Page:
Skip to main content

The planets and stars beyond us, the germs within us

A "macro view" from Edwin Tenney Brewster:

As we comprehend no man's religion until we know his world-view, so we understand no man's world-view till we discover his astronomy. The earth itself is for each of us the stage on which he sets his opinions. The sun and the planets and the stars are the background against which his drama of history is played.

A "micro view" from Margulis and Sagan:

The environment is so interwoven with bacteria, and their influence is so pervasive, that there is no really convincing way to point your finger and say this is where life ends and this is where the inorganic realm of nonlife begins.

Edward Abbey on seeing the synergy and inventing God from it:

Fred explained his theory of irrational numbers, binary electives and organic equations. Would lead, he argued, when he found the key connection, to a kind of cybernetic thinking machine that could digest numerical data in such quantity and at such velocity that science itself would make a quantum leap into whole new dimensions of power over nature.

Got too much power already, Bob argued...

Power is our destiny, Fred argued in return. We are bound for Andromeda and beyond. The Earth is but a footstool to the stars. God is our goal, God is our fate, and by God if God doesn't exist we shall create the S.O.B.

Neale Donald Walsch reports having this conversation with God:

God: Do you see the balance?
Neale Donald Walsch: Of course. It is ingenious.
God: Thank you. Now please quit destroying it.

Sources

Edwin Tenney Brewster. The Understanding of Religion Boston: Houghton Mifflin Co, 1923. p 37.

Margulis, Lynn and Dorion Sagan. Microcosmos: Four Billion Years of Microbial Evolution Foreword by Lewis Thomas. California: University of California Press, 1986, 1997. pp. 92-93.

Edward Abbey, Desert Solitaire, p 47

Neale Donald Walsch, Conversations With God: An Uncommon Dialogue. Book 3. Charlottesville, Va.: Hampton Roads Publishing Company, Inc., 1998.

Comments

Popular posts from this blog

Castration at the Battle of Adwa (1896)

On March 1, 1896, the Battle of Adwa "cast doubt upon an unshakable certainty of the age – that sooner or later Africans would fall under the rule of Europeans." In this battle, Ethiopians beat back the invading Italians and forced them to retreat permanently. It was not until 1922 that Benito Mussolini would again initiate designs against Ethiopia; despite Ethiopia's defeat in 1936, the nation ultimately retained its independence. "Adwa opened a breach that would lead, in the aftermath of world war fifty years later, to the rollback of European rule in Africa. It was," Raymond Jonas wrote, "an event that determined the color of Africa." (p. 1) It was also significant because it upheld the power of Ethiopia's Christian monarchy that controlled an ethnically diverse nation (p. 333), a nation in which, in the late 19th century, the Christian Emperor Yohannes had tried to force Muslims to convert to Christianity. (p. 36)The Victorian English spelling…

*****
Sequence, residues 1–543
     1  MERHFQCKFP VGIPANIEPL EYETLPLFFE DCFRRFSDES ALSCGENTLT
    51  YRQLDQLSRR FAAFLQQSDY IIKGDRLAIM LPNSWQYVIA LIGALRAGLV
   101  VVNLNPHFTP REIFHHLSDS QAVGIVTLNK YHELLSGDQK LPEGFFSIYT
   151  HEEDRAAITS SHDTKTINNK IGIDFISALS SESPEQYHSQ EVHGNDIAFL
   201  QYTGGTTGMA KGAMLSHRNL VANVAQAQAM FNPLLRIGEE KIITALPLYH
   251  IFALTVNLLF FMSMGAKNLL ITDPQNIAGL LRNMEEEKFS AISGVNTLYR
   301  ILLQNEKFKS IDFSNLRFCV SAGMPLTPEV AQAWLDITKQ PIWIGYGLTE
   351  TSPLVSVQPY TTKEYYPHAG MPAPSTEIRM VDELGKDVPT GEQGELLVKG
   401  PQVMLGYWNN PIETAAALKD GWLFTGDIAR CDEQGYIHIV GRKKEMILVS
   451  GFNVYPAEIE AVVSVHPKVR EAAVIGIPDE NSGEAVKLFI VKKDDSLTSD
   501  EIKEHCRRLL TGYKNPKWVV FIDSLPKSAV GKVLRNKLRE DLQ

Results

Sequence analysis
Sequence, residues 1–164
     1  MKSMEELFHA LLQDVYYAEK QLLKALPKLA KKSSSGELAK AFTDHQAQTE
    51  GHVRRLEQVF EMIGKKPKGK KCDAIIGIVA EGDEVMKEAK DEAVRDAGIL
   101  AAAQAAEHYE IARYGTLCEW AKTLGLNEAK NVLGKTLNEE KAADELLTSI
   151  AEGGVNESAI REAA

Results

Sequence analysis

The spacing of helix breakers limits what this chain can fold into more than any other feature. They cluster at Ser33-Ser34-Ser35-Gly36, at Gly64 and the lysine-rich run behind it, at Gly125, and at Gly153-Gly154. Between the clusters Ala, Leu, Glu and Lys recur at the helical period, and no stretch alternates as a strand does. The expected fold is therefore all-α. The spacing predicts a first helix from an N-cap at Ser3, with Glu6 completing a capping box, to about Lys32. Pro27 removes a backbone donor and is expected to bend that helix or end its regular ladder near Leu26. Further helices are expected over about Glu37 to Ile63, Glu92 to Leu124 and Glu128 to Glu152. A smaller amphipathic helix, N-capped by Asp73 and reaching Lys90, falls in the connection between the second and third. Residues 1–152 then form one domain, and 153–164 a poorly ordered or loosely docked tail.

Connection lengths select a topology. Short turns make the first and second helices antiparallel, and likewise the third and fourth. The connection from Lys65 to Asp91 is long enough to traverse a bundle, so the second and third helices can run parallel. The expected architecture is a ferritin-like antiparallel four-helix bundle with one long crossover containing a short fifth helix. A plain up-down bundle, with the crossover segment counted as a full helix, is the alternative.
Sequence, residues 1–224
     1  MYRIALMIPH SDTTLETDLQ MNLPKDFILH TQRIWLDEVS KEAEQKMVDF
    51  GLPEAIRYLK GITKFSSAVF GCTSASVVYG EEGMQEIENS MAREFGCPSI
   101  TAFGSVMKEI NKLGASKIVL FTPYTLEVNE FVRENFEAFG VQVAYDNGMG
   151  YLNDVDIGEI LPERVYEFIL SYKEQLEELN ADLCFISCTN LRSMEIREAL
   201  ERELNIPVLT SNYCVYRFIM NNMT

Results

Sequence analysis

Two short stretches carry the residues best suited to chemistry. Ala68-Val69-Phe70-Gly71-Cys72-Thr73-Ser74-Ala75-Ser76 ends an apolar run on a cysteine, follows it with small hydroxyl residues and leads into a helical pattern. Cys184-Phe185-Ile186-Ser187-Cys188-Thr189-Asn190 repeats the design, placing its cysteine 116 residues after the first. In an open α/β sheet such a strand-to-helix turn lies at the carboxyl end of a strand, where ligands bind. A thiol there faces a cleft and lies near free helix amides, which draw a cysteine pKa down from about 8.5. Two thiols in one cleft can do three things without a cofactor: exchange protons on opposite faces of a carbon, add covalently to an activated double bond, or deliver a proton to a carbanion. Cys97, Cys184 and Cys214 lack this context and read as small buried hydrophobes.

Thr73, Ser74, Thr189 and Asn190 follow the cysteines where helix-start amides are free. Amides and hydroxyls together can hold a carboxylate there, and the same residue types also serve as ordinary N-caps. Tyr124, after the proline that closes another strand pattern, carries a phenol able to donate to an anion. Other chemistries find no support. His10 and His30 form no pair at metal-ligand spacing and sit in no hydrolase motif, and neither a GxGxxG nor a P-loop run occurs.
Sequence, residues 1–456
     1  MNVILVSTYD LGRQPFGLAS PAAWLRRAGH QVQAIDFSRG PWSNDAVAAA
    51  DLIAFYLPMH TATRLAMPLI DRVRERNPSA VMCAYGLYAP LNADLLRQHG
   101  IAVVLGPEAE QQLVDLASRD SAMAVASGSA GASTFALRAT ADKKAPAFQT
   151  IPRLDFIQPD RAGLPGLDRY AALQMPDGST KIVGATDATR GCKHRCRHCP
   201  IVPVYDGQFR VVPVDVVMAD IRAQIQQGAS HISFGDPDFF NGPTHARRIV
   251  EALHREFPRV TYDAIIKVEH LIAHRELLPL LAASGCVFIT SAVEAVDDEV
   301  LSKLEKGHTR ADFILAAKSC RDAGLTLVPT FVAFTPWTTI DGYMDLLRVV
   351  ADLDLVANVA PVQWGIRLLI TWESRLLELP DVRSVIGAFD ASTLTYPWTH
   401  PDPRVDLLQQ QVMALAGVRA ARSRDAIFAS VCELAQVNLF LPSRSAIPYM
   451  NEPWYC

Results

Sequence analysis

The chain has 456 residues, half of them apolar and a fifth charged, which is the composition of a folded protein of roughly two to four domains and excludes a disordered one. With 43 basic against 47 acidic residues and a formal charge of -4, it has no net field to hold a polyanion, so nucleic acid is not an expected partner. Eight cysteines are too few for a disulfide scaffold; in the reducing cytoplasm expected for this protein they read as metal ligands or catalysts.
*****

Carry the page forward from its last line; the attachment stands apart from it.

Review of Cliff Sims' 'Team of Vipers' (2019)

After he resigned his position, Cliff Sims spent two months in Fall 2018 writing Team of Vipers: My 500 Extraordinary Days in the Trump White House. Many stories are told, some already well known to the public, some not. One buys this book, most likely, to gape at the colossal flameout spectacle that is Donald Trump, as with most things with Trump's name. Sims exposes the thoughtlessness, the chaos, the lack of empathy among his fellow insiders in the campaign and later in the White House, but he does not at all acknowledge the real consequences for ordinary Americans — there might as well be no world outside the Trump insider bubble, for all this narrative concerns itself with — and therefore falls far short of fully grappling with the ethical implications of his complicity.Previously, Sims was a journalist. "I had written tough stories, including some that helped take down a once-popular Republican governor in my home state," he says. "I had done my best to be acc…

It is not journalists' job to vet political nominees, but...?

The position of U.S. national intelligence director is open, following the resignation of Daniel Coats. John Ratcliffe withdrew his name from consideration on August 2, 2019, only five days after Trump nominated him. An article in The Guardian about why Trump picked Ratcliffe:Ratcliffe is a frequent Trump defender who fiercely questioned the former special counsel Robert Mueller during his testimony before the House Judiciary Committee hearing last week.Even as Mueller laid bare concerns that Russia was working to interfere with US elections again, Ratcliffe remained focused on the possibility that US intelligence agencies had overly relied on unverified opposition research in investigating the Trump campaign’s ties to Russia.Unfortunately for Ratcliffe, he had embellished his credentials. According to Vox: He had "frequently boasted about overseeing the arrest of 300 illegal immigrants in one day at a poultry plant in 2008," but the operation was much smaller and his role w…